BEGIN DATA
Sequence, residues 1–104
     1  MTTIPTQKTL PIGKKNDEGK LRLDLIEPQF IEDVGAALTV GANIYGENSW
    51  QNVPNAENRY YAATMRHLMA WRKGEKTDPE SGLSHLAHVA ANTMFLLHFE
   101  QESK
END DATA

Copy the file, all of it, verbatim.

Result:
Sequence, residues 1–104
     1  MTTIPTQKTL PIGKKNDEGK LRLDLIEPQF IEDVGAALTV GANIYGENSW
    51  QNVPNAENRY YAATMRHLMA WRKGEKTDPE SGLSHLAHVA ANTMFLLHFE
   101  QESK